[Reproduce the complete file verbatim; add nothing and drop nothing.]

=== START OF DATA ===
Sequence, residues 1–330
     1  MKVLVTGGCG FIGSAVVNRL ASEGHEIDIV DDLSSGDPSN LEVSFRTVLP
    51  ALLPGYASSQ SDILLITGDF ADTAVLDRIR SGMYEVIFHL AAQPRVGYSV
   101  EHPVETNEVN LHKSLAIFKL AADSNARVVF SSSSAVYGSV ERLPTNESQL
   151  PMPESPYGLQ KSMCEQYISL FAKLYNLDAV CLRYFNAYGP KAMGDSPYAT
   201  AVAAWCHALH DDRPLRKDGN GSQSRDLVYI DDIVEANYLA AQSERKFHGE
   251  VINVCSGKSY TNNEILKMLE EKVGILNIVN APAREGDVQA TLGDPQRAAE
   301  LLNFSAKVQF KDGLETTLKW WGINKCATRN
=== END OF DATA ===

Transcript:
Sequence, residues 1–330
     1  MKVLVTGGCG FIGSAVVNRL ASEGHEIDIV DDLSSGDPSN LEVSFRTVLP
    51  ALLPGYASSQ SDILLITGDF ADTAVLDRIR SGMYEVIFHL AAQPRVGYSV
   101  EHPVETNEVN LHKSLAIFKL AADSNARVVF SSSSAVYGSV ERLPTNESQL
   151  PMPESPYGLQ KSMCEQYISL FAKLYNLDAV CLRYFNAYGP KAMGDSPYAT
   201  AVAAWCHALH DDRPLRKDGN GSQSRDLVYI DDIVEANYLA AQSERKFHGE
   251  VINVCSGKSY TNNEILKMLE EKVGILNIVN APAREGDVQA TLGDPQRAAE
   301  LLNFSAKVQF KDGLETTLKW WGINKCATRN